The Butuan Boat
During my elementary days, our teachers taught us that the word Baranggay (the smallest social unit in the Philippines) was derived from Balangay, which is also a type of an early boat. This Butuan Boat was excavated in 1978 by the archeologists and considered as the living proof that the Philippines was already part in the Regional Maritime activities in Asia. Three boats were discovered in the side and it is believed that this boat was built in 320, 1250 and 990 A.D. Pots and ceramics were also buried together with this ancient boat.

The Manunggul Jar
 In Philippine history, one of the famous jars discovered in the country is the Manunggual Jar. Why famous? It is because the image of this jar can be seen on one side of the one thousand peso bill. This jar was discovered in Neolithic burial site in Manunggul Cave of Tabon Caves in Lipuun Point, Palawan. It was used as a coffin in a primitive way of burial in the Philippines.

Speaking of burial discoveries, the Philippine National Museum also houses a lot of burial jars and wood coffin, like the photo above. Just so you know, those skull like artifacts are earthenware handcrafted in older ways by the ancient Filipinos. These items were discovered in different parts of the country. In the middle is the wooden coffin discovered in the one of the caves in Banton, Romblon. More details, click here. These treasures are inside an enclosed cabinet for protection.

Speaking of the cultural heritage, this museum have the items from the south; like this Sarimanok and Kulintang. Even this generation, these musical instruments are still part of their cultural presentations, events and festival.

One of the highlights in the building is the Baybayin or the ancient and traditional scripts of the Philippines. A lot of artifacts, like books and jars were also displayed here for reference. After seeing these artifacts, I decided to have a tattoo with my initials written using these scripts. Hopefully by Whang Od in the Province of Kalinga. By the way, Whang Od is the oldest tattoo artist in the country, I think she's now 95 years old. I am also planning to visit the 3000 years old petroglyphs located in Angono, Rizal.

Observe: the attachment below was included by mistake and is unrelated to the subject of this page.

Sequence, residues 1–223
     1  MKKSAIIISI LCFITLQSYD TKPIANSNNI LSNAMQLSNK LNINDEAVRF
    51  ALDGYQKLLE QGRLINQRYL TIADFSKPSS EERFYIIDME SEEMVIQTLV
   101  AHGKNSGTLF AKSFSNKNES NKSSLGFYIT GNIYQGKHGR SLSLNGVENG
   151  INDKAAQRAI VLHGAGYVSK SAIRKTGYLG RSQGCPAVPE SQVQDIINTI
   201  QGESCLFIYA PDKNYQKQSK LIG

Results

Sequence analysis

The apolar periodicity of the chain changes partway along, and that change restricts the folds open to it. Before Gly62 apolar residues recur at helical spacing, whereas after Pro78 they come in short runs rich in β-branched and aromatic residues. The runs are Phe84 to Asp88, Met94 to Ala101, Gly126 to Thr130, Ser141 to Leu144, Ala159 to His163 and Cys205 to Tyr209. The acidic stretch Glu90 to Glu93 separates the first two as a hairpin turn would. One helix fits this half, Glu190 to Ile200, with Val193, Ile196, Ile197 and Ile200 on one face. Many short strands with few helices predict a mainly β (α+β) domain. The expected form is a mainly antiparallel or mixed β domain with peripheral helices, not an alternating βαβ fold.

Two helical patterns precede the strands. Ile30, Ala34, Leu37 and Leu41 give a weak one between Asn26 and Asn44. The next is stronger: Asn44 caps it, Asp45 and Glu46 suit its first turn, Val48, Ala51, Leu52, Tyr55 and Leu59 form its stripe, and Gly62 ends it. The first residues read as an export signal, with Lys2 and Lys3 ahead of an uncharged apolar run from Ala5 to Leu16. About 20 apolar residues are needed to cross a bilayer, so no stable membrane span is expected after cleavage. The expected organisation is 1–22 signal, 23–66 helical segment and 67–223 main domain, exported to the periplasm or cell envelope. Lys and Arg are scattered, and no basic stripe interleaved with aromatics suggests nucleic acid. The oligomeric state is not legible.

The Philippines is composed of more than 7,000 islands and with that factor, this country bears not only the heritage and archeological factors, but also the flora and the fauna. Like these preserved butterflies, bugs and other animals - a proof that we have everything.

Last part of my tour was these amazing artifacts. We call them as fossils where insects, leaves and other things were preserved for centuries and was discovered by the scientists. The details of each items were perfectly made by nature. For more photos, itinerary and stories, click here.

Aside from the gorgeous places in the country, I would suggest to visit the Philippine National Museum as it bears everything that has historical value from the past to present. Let's not forget these things because we can't reach this far without the past - lalim no?

Oktubre - Ang Buwan ng mga Museo

Hindi lang kalikasan ang kadalasan kong sinasadya sa isang lugar, nasa interes ko rin ang kahalagahan ng ating nakaraan. Matagal ko nang pangarap malibot ang iba’t-ibang museo sa Pilipinas, kahit sa Metro Manila, okay lang eh, subalit dahil sa maraming hindi inaasahang pagkakataon, hindi ito natutuloy.

Ibahin natin ang araw na ito – sa kasamaang palad, nag-palit kaming rest days, from Friday and Saturday, naging Tuesday and Wednesday ito. Wala akong choice dahil trabaho ito. At dahil dun, nabawasan ang pamumundok ko, pero mas nagbukas naman ang historical sites at museum.

Wednesday, October 29, 2014 – nagkatotoo ang matagal ko ng pangarap – ang mapasok ang National Museum. Pero bago yan, Marikina Shoe Museum muna ako. Nakatira ako sa Cainta, Rizal kaya konting kembot lang, nasa Marikina na ako. Along Sumulong highway, in front of Robinsons Metro East, sa may footbridge, sumakay akong tricycle patungong Marikina Shoe Museum. Habang nasa byahe, biglang buhos ng ulan, buti nalang prepared ako sa ganung sitwasyon, iba na ang girls scout. Ang pamasahe ay 25 pesos lang hanggang sa may pintuan na mismo ng Museo. Wala pang sampung minute ang byahe ko. Bilis no?

Pagkababa ng traysikel, dumiretso sa entrance, nag-register at nagbayad ng 50 pesos. At dun nabusog ang mata ko sa walang katapusang sapatos. Ang bawat pares ng mga sapatos ay nakalagay sa mga eskaparate. May mga panlalaki at pambabae. Pati ang mga tradisyunal na sapin sa paa sa iba’t-ibang panig ng mundo ay mayroon din.